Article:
To their credit they come out alive, stronger, wiser and full of hope, acceptance and promise. What this remarkable documentary captures is akin to watching the dead come back to life. This is raw, inspiring, powerful stuff, and in its own way, something of a miracle. "
Good Film, but........
S. Sokolinsky | Baltimore, MD | 02/09/2005
(3 out of 5 stars)
"After watching a movie you really start to hate Lars. This movie is all about him. He shares his spotlight in the movie with James Hetfield, but overshadows James all the time.
If you'll be watching this movie, pay close attention to Kirk. He looks like he doesn't have any say in the band at all. But it looks like it doesn't really bother Kirk a whole lot. He just wants to play music, make money and enjoy himself. Now I really understand why Jason Newsted left Metallica. The movie does have some good parts in it with Jason, but they all get overshadowed again by Lars.
You can tell that Lars always acts in front of camera. The rest of the guys do a good job of being natural on camera. Lars is doing a performance of a lifetime. You can really tell that he has a Napoleon Complex. Being short, that man is so insecure with himself that he constantly has to prove something to somebody and that leads to being not natural on camera. (By the way, I am not pounding Lars because of Napster. I totally support Metallica's actions against Napster)
James Hetfield on the other hand is shown as a very composed guy. It's definitely a new side of James that viewers learn from the film. I got nothing but positive vibe from James throughout the entire film.
But anyway, watch the movie. You'll enjoy it. I really don't understand why this documentary was chosen as a Sundance Selection. Being a huge fan of Metallica, I didn't find this film to be extremely good. It has its great and funny moments, but overall I give it 3 STARS. I liked "Metallica: Year and a Half Part I & II" a lot more. "
Interesting for fan and non-fan alike
M. Gregory | Boston, MA | 11/13/2005
(4 out of 5 stars)
"Very good documentary that will appeal to anyone with a keen interest in the inner workings of a rock band. Equal parts redemption story and kitchen-sink drama, "Metallica - Some Kind of Monster" is an honest but self-indulgent look into the private world of multi-millionaire rockers who, at the end of the day, simply cannot communicate their love and respect for each other, and the band they have made so famous.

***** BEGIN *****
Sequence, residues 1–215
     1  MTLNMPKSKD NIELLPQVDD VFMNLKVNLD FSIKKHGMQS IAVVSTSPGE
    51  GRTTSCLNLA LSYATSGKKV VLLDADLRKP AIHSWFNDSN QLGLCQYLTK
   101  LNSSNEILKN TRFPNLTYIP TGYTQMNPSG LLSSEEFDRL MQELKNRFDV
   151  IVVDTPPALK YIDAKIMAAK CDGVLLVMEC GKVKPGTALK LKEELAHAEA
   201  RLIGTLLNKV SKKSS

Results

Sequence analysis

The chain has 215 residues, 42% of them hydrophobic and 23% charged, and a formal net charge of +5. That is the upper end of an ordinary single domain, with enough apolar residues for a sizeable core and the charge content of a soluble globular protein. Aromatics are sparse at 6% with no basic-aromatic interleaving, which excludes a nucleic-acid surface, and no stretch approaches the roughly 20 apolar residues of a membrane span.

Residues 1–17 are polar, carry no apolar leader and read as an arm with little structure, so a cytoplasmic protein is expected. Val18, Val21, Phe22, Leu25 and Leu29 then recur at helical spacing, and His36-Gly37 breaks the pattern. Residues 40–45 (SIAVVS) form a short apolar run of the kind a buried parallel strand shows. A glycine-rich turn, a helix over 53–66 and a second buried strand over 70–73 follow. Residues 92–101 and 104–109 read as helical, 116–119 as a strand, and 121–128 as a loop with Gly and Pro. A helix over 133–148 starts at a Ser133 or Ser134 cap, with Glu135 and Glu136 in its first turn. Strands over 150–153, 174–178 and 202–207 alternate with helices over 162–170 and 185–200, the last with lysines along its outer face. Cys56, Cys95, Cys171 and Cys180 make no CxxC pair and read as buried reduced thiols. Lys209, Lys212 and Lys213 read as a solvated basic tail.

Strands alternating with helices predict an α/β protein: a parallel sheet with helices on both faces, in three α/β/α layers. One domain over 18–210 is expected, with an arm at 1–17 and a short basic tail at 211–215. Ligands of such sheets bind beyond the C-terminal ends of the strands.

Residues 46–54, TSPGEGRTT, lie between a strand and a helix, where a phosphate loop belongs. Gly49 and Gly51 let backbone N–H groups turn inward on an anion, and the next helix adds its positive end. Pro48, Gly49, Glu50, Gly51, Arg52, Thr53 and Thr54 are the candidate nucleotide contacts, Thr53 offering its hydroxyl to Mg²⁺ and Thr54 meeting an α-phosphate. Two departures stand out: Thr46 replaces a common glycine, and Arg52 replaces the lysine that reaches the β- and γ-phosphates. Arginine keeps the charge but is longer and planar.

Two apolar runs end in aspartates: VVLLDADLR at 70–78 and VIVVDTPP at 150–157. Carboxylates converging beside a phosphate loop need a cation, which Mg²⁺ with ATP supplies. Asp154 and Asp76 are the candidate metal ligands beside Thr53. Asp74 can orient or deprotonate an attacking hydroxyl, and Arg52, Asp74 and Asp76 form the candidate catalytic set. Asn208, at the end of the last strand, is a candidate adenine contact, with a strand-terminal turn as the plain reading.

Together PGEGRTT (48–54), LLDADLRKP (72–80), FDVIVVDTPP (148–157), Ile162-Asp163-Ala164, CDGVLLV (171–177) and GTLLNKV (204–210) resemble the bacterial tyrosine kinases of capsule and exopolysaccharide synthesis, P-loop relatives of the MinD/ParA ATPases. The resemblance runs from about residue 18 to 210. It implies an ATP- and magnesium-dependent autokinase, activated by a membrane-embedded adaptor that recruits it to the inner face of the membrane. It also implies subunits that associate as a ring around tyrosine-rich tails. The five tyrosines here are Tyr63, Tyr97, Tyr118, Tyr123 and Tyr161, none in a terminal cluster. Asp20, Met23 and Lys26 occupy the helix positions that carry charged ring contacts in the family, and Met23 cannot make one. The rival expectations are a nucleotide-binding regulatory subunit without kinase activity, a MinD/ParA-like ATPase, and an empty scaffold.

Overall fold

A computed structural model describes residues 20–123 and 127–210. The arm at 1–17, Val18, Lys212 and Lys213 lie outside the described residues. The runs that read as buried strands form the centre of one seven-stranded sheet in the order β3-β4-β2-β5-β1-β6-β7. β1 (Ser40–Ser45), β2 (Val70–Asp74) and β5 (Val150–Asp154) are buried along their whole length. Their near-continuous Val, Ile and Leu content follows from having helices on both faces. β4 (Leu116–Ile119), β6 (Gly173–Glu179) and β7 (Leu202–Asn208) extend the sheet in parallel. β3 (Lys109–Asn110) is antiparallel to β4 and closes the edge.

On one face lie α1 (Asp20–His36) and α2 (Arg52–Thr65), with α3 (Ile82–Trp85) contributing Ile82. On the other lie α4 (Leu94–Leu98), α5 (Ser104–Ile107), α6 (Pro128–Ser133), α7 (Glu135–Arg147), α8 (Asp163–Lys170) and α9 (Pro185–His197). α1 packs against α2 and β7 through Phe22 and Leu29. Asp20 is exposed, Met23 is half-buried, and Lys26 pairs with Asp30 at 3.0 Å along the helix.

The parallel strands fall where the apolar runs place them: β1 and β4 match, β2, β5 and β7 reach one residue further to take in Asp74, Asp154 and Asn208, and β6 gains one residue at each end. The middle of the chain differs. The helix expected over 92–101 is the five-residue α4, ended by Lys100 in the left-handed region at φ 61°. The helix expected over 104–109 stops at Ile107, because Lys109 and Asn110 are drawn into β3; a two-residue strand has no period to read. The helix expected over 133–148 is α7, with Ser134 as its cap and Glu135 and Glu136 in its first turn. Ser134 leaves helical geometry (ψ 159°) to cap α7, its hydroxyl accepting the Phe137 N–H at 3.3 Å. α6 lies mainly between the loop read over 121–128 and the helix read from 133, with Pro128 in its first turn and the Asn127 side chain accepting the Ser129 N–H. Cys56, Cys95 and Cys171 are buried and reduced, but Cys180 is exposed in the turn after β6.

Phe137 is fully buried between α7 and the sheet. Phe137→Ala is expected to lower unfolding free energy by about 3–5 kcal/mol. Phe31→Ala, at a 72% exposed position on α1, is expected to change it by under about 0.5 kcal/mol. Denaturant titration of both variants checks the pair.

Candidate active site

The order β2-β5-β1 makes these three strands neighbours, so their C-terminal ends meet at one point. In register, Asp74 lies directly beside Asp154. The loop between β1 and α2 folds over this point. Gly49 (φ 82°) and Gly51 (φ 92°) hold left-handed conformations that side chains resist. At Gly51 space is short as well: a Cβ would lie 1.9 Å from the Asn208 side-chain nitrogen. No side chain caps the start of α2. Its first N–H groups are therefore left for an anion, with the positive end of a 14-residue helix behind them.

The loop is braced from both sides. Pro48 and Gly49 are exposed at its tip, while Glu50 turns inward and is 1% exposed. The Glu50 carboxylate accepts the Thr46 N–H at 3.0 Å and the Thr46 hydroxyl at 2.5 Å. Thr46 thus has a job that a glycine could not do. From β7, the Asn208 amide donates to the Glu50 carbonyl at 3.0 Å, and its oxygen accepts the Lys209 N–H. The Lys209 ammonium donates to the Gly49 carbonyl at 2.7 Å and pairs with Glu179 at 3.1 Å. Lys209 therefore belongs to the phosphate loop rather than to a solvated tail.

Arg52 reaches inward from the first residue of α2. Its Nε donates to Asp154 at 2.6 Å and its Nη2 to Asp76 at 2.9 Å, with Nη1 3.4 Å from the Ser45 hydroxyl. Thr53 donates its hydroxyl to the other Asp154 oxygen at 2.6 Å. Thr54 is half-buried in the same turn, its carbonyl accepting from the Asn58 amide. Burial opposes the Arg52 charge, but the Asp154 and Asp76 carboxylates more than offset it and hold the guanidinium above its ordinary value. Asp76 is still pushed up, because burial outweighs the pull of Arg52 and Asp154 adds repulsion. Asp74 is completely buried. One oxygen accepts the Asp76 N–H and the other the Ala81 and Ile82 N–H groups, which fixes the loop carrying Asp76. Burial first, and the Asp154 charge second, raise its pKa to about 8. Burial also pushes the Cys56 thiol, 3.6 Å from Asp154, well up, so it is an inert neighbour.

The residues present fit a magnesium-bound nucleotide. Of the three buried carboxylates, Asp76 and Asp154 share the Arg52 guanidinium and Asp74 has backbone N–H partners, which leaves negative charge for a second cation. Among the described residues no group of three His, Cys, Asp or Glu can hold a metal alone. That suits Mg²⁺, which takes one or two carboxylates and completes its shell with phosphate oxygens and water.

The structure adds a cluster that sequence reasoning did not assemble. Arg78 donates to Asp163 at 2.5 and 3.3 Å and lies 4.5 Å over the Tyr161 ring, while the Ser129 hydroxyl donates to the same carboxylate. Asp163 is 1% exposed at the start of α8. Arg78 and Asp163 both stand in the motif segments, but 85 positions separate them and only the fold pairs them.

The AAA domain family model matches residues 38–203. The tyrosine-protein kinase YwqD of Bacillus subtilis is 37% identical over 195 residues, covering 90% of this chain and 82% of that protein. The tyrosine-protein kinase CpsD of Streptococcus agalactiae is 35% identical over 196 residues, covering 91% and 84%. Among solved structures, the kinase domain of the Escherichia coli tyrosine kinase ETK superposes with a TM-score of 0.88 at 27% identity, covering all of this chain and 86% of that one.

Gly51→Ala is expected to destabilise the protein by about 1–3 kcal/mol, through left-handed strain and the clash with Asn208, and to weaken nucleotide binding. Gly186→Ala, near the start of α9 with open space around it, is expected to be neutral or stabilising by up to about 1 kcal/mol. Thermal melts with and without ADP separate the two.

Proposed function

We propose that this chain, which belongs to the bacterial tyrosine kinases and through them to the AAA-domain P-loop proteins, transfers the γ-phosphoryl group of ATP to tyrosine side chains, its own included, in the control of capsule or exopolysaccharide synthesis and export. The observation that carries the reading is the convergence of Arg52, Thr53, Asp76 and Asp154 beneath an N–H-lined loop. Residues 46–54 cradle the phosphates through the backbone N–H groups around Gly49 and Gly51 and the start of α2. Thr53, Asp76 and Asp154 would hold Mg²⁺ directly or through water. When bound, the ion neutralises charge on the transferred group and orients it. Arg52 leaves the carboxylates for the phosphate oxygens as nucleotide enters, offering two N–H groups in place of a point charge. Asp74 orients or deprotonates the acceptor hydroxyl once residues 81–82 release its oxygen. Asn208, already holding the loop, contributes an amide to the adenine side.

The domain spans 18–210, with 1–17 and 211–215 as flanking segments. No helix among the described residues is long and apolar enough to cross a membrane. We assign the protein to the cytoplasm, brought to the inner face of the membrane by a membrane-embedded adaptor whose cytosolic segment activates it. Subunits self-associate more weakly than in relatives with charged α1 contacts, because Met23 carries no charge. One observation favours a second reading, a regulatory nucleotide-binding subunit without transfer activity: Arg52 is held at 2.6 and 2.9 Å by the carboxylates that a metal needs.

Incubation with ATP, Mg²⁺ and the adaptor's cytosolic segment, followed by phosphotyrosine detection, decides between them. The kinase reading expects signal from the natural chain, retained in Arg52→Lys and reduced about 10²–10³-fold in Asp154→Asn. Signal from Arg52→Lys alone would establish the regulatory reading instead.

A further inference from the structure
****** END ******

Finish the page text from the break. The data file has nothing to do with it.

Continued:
Band leader James Hetfield, fresh out of rehab, constantly locks horns with "I-just-wanna-play-rock-n-roll" drummer Lars Ulrich, and spends most of his time fretting over his self-imposed 4-hour per day work schedule, and whether he even wants to be in the band anymore. Ulrich meanwhile fakes interest in Hetfield's mental recovery, the farcical "lyrics-by-committee" approach to the new record, and seems happiest when his multi-million dollar collection of modern art goes under the hammer for record prices. Guitarist Kirk Hammett equivocates on most of the key decisions and discussions, but comes off as a straightforward guy just wanting the best for his band and his buddies. All of which, much to Metallica's credit, is captured mercilessly by the camera crew. This includes the most bizarre aspect of the film, in which an ever present middle-aged Dr. Eugene Landy-type, hired by the band for $40k per month to help guide and mediate their feelings towards one another, presides over most of the discussion, and hilariously tries to ingratiate himself into the band in a creative capacity. He is clearly a chancer, despised by Ulrich in particular, and living on borrowed time. The scene, in which even Hetfield himself has had enough of this pseudo-guru, and tries to fire him, is perhaps the most uncomfortable in the whole film.
Coming off best are producer Bob Rock - clearly the voice of reason, and clearly the only person respected by all the band - who gently draws out of Metallica the record they want to make, and new bass player, Robert Trujillo, whose audition sparks the first genuine musical camaraderie in the whole documentary. His arrival seems the perfect denouement to the film as Hetfield and Ulrich's two-decade friendship is refreshed, and they begin to see new potential and meaning to playing in their band. Recommended.